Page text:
Give Your Horse a Want-To Attitude
July 10, 2014
Written by: Josh Lyons & Keith Hosman
Written by: Josh Lyons & Keith Hosman
Whether or not you're just learning to ride a horse, you can improve your horse's attitude with this simple lesson.
Now there's several ways you can deal with that. The best is to say "I understand you don't want to clean your room. But after that display you're going to do the dishes and vacuum and dust and clean the garage and fold your laundry AND clean your room. After that's done, you're more than welcome to go do exactly what you want to do.
I treat the horse the same way. If I ask him to standstill, that's cleaning his room. I say "Clean your room." He says "No." I say "Fine." Now, what can I do that requires movement? It doesn't matter if I'm in the arena or the trail. In either place I can work on change of directions. I can work on his headset. I can get the horse working better off my legs or seat. And I can always work on speed control. I could do all kinds of different things. I can work on all those things when my horse wants to move. If my horse wants to move, I say, great, let's do it. Let's work on breaking at the poll, softening up your neck or following your nose; let's work on your leg speed; let's work on you moving off my legs. Let's do all these different things, and then, when I'm done, I'm going to ask the horse: "Do you want to clean your room, the garage and the patio? Or, do you want to just stand still?" These are all things I would have wanted to work on anyway.
There's only two things that can happen. He's either going to say yes or he's going to say no. If you do this about four or five times, the attitude you're going to build in your kids or your horse is the same thing. It's going to be, "Is that it?" The next time you ask them to clean their room, they're gonna say "Is that all you want?" And that's what I'm looking for from my horse when I ride. All I wanted was for him to standstill. He didn't want to standstill and I said fine, let's move. I promise you, after about four or five times of doing this the horse is going to say "Great, is that all you want?"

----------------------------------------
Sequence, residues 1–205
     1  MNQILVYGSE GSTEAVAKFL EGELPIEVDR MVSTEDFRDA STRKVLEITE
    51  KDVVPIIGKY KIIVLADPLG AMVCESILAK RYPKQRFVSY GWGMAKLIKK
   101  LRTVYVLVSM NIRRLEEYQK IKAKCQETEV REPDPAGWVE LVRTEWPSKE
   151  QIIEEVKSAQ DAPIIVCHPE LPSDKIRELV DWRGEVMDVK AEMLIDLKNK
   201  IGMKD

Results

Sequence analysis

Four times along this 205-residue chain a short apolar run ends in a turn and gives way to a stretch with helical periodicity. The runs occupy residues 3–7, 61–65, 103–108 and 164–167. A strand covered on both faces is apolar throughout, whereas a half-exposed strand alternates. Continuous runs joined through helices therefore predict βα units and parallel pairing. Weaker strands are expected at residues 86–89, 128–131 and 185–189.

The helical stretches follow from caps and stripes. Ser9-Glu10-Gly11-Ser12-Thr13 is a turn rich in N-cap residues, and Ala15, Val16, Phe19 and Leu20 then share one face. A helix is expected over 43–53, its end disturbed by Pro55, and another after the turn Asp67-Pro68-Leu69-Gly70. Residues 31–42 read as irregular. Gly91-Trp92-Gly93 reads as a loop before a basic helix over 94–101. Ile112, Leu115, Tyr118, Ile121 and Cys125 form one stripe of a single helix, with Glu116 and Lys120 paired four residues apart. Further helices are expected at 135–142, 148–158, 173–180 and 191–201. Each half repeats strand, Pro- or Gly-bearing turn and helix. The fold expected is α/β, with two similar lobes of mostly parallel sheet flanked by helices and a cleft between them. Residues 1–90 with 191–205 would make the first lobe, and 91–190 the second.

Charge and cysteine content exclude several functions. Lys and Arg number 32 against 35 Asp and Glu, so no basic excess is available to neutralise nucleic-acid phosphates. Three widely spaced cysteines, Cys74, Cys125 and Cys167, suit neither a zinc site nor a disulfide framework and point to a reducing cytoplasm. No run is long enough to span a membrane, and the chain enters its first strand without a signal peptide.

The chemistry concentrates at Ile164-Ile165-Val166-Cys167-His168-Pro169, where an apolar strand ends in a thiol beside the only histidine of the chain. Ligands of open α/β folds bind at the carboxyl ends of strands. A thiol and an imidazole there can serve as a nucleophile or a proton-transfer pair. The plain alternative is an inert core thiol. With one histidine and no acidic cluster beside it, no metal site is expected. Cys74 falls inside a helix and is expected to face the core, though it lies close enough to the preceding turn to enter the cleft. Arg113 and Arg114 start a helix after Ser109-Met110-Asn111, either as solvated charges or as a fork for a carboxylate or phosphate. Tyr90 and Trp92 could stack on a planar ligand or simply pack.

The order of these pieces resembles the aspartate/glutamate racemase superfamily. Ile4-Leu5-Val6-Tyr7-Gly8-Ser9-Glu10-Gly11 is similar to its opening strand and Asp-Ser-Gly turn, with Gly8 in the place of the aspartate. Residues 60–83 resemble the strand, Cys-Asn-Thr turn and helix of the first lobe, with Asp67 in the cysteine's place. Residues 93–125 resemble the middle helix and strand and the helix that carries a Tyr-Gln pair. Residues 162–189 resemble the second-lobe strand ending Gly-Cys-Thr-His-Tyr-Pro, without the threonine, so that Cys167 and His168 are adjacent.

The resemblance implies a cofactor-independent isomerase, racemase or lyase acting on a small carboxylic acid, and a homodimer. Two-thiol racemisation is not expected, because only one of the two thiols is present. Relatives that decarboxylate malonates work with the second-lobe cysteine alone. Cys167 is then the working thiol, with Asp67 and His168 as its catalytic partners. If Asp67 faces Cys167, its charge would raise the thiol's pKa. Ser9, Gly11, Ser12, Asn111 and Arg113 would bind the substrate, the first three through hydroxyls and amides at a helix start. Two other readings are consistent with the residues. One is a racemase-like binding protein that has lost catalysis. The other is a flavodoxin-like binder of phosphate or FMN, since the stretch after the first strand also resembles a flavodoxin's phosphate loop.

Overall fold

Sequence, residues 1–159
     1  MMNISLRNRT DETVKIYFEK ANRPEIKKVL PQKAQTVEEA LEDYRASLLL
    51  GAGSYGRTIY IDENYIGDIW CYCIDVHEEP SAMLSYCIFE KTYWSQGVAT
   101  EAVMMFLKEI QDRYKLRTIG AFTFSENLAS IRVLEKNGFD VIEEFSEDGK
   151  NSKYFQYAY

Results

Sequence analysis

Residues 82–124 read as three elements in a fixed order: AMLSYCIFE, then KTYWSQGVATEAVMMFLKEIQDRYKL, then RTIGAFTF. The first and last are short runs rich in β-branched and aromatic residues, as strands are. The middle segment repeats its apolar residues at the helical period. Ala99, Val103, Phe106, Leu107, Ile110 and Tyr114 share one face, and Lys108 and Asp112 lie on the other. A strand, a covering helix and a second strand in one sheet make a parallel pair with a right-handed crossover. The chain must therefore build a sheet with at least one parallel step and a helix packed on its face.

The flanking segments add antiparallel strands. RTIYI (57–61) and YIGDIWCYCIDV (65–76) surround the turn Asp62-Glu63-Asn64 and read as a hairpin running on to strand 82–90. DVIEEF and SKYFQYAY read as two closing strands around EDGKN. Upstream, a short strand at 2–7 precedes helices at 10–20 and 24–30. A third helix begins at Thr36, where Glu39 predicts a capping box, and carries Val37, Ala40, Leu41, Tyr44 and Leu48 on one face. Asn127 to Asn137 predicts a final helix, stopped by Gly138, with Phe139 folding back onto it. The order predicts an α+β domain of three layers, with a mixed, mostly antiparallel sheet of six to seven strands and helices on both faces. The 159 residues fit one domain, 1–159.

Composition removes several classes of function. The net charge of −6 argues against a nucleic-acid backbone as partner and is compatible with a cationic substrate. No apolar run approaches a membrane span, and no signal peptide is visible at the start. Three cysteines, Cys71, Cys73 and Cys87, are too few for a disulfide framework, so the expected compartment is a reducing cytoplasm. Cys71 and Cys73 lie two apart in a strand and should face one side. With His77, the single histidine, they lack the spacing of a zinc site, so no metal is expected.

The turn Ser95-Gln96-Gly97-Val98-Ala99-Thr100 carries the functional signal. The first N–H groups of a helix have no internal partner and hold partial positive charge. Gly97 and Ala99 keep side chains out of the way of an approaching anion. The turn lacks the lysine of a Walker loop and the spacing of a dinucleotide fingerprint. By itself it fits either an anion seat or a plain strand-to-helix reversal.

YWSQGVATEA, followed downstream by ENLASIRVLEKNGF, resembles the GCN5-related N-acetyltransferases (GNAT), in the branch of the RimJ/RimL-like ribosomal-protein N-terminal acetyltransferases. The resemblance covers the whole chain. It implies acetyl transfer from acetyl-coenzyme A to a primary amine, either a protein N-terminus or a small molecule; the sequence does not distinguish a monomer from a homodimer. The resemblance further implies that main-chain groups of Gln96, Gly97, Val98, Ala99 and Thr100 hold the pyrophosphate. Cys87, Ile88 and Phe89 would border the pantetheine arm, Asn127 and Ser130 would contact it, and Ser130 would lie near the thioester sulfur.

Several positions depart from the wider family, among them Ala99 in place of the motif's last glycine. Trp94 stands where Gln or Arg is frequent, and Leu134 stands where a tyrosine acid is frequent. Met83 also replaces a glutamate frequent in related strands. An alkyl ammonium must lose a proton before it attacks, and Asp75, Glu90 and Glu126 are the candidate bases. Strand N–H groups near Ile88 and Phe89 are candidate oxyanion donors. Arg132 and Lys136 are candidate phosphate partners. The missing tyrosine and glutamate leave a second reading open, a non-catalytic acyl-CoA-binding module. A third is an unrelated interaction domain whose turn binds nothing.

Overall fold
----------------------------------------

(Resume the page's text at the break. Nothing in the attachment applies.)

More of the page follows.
And, the more excited, the more nervous the horse gets, the more you want to do. You don't want to be riding down the trail, waiting for an accident to happen. There are two types of riders, active and reactive. An active rider does what I've been describing. An active rider hits the trail and keeps asking the horse to do something. He's not giving the horse a chance to react to a situation or the environment around them. He'll ride and keep asking his horse to do something. A reactive rider is one who goes out on the trail - and waits. He waits for the horse to do something he's not supposed to do. He rides out there, waiting for the horse to spook at the red banner. He just knows the horse is going to spook and sits there waiting and waiting and waiting. And yes sooner or later something out on that trail spooks the horse. And then he corrects the horse. The horse spooks at the banner and we get after the horse: "I can't believe you spooked." Well, he told you he was going to do it. A better thing to do would've been to pick up the rein and start working your horse. Ask him to do something before the situation escalates. Don't react to what the horse does, become an active rider. Ask him to do something.
Wanna teach your horse to drop its head and stay relaxed? When you're finished with this article, click here to read about the "Classic Serpentine."
If you've ever had kids, then you know exactly what I'm talking about here: Let's say your sons had waited all week to go paint balling. They'd waited all week and really had their hearts set on it. So, Saturday morning comes around and they run downstairs. They're headed for the door when you call to them and ask if they could clean their rooms before leaving. How do you think they'd handle that? They might get mad and throw a temper tantrum. They might turn and stomp their feet on every stair all the way back up to their rooms, down the hallway and slam their doors.
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Tip: Now that you've got your horse's mind right... click here and read "An Easy Way to Look at Training." You'll see that training your horse to do pretty much anything is just a matter of "channeling" energy that's already there into new directions.